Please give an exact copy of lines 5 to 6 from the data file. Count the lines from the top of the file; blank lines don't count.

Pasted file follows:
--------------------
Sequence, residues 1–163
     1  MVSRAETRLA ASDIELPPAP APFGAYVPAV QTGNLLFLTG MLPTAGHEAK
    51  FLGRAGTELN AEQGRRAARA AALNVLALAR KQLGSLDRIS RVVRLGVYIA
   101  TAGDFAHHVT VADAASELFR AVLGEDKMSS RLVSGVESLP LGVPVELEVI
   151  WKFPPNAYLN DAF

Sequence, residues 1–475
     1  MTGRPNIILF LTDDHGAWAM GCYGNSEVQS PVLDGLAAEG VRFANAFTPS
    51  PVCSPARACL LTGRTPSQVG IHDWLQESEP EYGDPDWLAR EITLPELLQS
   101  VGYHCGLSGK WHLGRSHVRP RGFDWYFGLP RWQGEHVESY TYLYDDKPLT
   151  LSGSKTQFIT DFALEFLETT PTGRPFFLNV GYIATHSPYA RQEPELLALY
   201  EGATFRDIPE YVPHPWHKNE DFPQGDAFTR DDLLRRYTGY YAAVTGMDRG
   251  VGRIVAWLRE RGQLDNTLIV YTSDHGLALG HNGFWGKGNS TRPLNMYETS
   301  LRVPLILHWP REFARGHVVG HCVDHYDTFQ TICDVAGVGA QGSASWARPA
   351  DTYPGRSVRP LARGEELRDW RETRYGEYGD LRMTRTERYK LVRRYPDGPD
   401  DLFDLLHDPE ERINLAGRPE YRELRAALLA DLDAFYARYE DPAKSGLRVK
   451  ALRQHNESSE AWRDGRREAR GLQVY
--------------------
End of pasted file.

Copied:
   151  WKFPPNAYLN DAF

Sequence, residues 1–475